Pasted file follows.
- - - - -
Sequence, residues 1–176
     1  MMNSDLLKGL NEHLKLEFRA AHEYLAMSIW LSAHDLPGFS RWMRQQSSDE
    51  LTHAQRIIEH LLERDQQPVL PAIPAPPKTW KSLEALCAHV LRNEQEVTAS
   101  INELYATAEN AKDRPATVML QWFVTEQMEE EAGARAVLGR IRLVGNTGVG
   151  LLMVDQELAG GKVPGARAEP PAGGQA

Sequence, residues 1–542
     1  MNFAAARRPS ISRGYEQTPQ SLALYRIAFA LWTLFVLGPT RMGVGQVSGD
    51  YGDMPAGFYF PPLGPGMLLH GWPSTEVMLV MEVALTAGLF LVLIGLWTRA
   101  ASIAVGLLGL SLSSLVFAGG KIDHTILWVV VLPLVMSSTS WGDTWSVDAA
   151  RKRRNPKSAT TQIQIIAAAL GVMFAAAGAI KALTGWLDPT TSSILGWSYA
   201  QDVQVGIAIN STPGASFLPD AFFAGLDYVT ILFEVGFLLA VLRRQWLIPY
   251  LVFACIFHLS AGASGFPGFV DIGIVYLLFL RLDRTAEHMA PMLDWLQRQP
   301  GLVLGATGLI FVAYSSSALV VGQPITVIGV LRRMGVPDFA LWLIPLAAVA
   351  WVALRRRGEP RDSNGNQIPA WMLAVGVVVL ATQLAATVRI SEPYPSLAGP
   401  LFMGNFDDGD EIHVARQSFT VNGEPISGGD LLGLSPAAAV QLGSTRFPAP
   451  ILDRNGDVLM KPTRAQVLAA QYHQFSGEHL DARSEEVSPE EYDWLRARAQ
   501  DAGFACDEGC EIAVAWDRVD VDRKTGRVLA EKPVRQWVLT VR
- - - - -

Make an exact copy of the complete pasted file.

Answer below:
Sequence, residues 1–176
     1  MMNSDLLKGL NEHLKLEFRA AHEYLAMSIW LSAHDLPGFS RWMRQQSSDE
    51  LTHAQRIIEH LLERDQQPVL PAIPAPPKTW KSLEALCAHV LRNEQEVTAS
   101  INELYATAEN AKDRPATVML QWFVTEQMEE EAGARAVLGR IRLVGNTGVG
   151  LLMVDQELAG GKVPGARAEP PAGGQA

Sequence, residues 1–542
     1  MNFAAARRPS ISRGYEQTPQ SLALYRIAFA LWTLFVLGPT RMGVGQVSGD
    51  YGDMPAGFYF PPLGPGMLLH GWPSTEVMLV MEVALTAGLF LVLIGLWTRA
   101  ASIAVGLLGL SLSSLVFAGG KIDHTILWVV VLPLVMSSTS WGDTWSVDAA
   151  RKRRNPKSAT TQIQIIAAAL GVMFAAAGAI KALTGWLDPT TSSILGWSYA
   201  QDVQVGIAIN STPGASFLPD AFFAGLDYVT ILFEVGFLLA VLRRQWLIPY
   251  LVFACIFHLS AGASGFPGFV DIGIVYLLFL RLDRTAEHMA PMLDWLQRQP
   301  GLVLGATGLI FVAYSSSALV VGQPITVIGV LRRMGVPDFA LWLIPLAAVA
   351  WVALRRRGEP RDSNGNQIPA WMLAVGVVVL ATQLAATVRI SEPYPSLAGP
   401  LFMGNFDDGD EIHVARQSFT VNGEPISGGD LLGLSPAAAV QLGSTRFPAP
   451  ILDRNGDVLM KPTRAQVLAA QYHQFSGEHL DARSEEVSPE EYDWLRARAQ
   501  DAGFACDEGC EIAVAWDRVD VDRKTGRVLA EKPVRQWVLT VR